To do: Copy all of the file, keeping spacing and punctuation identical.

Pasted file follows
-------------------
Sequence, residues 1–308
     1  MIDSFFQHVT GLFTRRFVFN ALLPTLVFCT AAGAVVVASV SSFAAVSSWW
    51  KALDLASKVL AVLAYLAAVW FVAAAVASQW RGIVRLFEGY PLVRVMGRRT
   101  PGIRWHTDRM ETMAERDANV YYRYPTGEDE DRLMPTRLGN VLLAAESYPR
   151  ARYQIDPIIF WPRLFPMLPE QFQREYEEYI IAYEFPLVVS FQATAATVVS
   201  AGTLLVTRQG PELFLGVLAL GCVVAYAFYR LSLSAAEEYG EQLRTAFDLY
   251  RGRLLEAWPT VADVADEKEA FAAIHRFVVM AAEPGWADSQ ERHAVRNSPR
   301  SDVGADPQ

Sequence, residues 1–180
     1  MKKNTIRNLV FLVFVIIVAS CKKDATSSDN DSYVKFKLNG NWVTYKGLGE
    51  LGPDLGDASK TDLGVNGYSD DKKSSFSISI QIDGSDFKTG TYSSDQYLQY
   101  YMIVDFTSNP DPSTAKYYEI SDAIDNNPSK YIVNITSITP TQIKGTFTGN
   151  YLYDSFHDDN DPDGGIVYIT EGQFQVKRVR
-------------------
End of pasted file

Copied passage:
Sequence, residues 1–308
     1  MIDSFFQHVT GLFTRRFVFN ALLPTLVFCT AAGAVVVASV SSFAAVSSWW
    51  KALDLASKVL AVLAYLAAVW FVAAAVASQW RGIVRLFEGY PLVRVMGRRT
   101  PGIRWHTDRM ETMAERDANV YYRYPTGEDE DRLMPTRLGN VLLAAESYPR
   151  ARYQIDPIIF WPRLFPMLPE QFQREYEEYI IAYEFPLVVS FQATAATVVS
   201  AGTLLVTRQG PELFLGVLAL GCVVAYAFYR LSLSAAEEYG EQLRTAFDLY
   251  RGRLLEAWPT VADVADEKEA FAAIHRFVVM AAEPGWADSQ ERHAVRNSPR
   301  SDVGADPQ

Sequence, residues 1–180
     1  MKKNTIRNLV FLVFVIIVAS CKKDATSSDN DSYVKFKLNG NWVTYKGLGE
    51  LGPDLGDASK TDLGVNGYSD DKKSSFSISI QIDGSDFKTG TYSSDQYLQY
   101  YMIVDFTSNP DPSTAKYYEI SDAIDNNPSK YIVNITSITP TQIKGTFTGN
   151  YLYDSFHDDN DPDGGIVYIT EGQFQVKRVR